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Type: Journal article
Title: The ubiquitin ligase NEDD4-2/NEDD4L regulates both sodium homeostasis and fibrotic signaling to prevent end-stage renal disease
Author: Manning, J.A.
Shah, S.S.
Nikolic, A.
Henshall, T.L.
Khew-Goodall, Y.
Kumar, S.
Citation: Cell Death and Disease, 2021; 12(4):398-1-398-16
Publisher: Nature Publishing Group
Issue Date: 2021
ISSN: 2041-4889
Statement of
Jantina A. Manning, Sonia S. Shah, Andrej Nikolic, Tanya L. Henshall, Yeesim Khew-Goodall and Sharad Kumar
Abstract: Kidney disease progression can be affected by Na+ abundance. A key regulator of Na+ homeostasis is the ubiquitin ligase NEDD4-2 and its deficiency leads to increased Na+ transport activity and salt-sensitive progressive kidney damage. However, the mechanisms responsible for high Na+ induced damage remain poorly understood. Here we show that a high Na+ diet compromised kidney function in Nedd4-2-deficient mice, indicative of progression toward end-stage renal disease. Injury was characterized by enhanced tubule dilation and extracellular matrix accumulation, together with sustained activation of both Wnt/β-catenin and TGF-β signaling. Nedd4-2 knockout in cortical collecting duct cells also activated these pathways and led to epithelial–mesenchymal transition. Furthermore, low dietary Na+ rescued kidney disease in Nedd4-2-deficient mice and silenced Wnt/β-catenin and TGF-β signaling. Our study reveals the important role of NEDD4-2-dependent ubiquitination in Na+ homeostasis and protecting against aberrant Wnt/ β-catenin/TGF-β signaling in progressive kidney disease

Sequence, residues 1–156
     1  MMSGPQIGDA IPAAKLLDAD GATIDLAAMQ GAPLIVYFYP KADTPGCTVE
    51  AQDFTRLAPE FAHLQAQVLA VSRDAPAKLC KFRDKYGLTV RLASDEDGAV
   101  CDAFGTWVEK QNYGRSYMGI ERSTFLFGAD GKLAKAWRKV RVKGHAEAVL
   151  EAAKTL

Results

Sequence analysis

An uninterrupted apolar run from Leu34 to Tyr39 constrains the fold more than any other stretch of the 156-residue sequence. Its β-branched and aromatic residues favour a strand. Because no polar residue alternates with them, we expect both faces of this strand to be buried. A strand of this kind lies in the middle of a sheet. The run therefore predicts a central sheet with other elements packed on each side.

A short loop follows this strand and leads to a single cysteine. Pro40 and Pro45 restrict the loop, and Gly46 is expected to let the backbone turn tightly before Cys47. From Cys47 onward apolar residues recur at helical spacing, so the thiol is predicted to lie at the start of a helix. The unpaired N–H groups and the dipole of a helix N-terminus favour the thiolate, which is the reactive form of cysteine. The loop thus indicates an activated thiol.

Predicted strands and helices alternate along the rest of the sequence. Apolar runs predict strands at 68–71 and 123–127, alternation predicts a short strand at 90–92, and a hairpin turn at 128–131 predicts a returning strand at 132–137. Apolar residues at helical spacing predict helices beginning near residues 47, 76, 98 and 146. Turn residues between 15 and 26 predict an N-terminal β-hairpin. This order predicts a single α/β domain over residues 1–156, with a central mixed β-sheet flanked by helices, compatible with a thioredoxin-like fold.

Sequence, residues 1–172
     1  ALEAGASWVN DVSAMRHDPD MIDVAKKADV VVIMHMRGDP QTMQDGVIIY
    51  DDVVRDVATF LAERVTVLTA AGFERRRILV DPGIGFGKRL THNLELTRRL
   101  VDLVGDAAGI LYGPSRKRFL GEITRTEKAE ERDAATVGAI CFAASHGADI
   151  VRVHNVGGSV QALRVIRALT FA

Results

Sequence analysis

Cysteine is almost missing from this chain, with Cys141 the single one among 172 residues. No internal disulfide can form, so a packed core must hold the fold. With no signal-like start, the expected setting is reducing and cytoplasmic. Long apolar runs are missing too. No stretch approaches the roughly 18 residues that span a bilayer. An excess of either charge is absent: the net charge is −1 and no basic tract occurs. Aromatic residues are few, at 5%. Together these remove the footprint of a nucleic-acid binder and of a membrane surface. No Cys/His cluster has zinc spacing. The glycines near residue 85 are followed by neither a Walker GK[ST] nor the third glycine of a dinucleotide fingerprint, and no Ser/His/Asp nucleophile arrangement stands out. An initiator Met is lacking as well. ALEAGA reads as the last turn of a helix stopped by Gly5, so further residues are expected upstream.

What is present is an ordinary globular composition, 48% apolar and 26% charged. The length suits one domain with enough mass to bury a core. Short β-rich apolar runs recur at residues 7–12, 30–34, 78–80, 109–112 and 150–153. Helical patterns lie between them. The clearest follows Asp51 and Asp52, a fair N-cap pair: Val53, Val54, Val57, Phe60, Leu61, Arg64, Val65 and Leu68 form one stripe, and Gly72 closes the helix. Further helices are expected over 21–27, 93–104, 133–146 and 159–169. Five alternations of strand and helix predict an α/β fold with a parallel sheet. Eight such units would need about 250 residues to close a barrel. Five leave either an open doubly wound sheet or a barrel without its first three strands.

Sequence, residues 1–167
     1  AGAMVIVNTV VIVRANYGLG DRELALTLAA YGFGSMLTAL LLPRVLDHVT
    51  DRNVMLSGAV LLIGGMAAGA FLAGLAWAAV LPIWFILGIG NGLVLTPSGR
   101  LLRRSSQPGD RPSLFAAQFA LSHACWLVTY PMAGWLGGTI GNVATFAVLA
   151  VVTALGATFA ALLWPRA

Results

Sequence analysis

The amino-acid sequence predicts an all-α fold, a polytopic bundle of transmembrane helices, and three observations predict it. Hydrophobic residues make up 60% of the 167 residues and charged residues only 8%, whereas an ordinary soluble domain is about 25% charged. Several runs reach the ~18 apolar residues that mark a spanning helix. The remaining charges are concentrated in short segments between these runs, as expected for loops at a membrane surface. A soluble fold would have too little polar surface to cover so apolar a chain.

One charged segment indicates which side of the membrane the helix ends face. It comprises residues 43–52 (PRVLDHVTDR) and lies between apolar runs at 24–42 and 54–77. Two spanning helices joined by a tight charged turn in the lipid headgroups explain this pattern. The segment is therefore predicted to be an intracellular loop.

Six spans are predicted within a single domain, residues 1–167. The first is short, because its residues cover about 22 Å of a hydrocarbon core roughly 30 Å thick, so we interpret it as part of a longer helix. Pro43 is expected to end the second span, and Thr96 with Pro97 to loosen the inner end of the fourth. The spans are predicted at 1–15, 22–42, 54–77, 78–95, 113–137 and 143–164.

Keywords: Animals
Mice, Transgenic
Xenopus laevis
Kidney Failure, Chronic
Ubiquitin-Protein Ligases
Xenopus Proteins
Endosomal Sorting Complexes Required for Transport
Nedd4 Ubiquitin Protein Ligases
Rights: © The Author(s) 2021 Open Access This article is licensed under a Creative Commons Attribution 4.0 International License, which permits use, sharing, adaptation, distribution and reproduction in any medium or format, as long as you give appropriate credit to the original author(s) and the source, provide a link to the Creative Commons license, and indicate if changes were made. The images or other third party material in this article are included in the article’s Creative Commons license, unless indicated otherwise in a credit line to the material. If material is not included in the article’s Creative Commons license and your intended use is not permitted by statutory regulation or exceeds the permitted use, you will need to obtain permission directly from the copyright holder. To view a copy of this license, visit
DOI: 10.1038/s41419-021-03688-7
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Appears in Collections:Aurora harvest 8
Environment Institute publications

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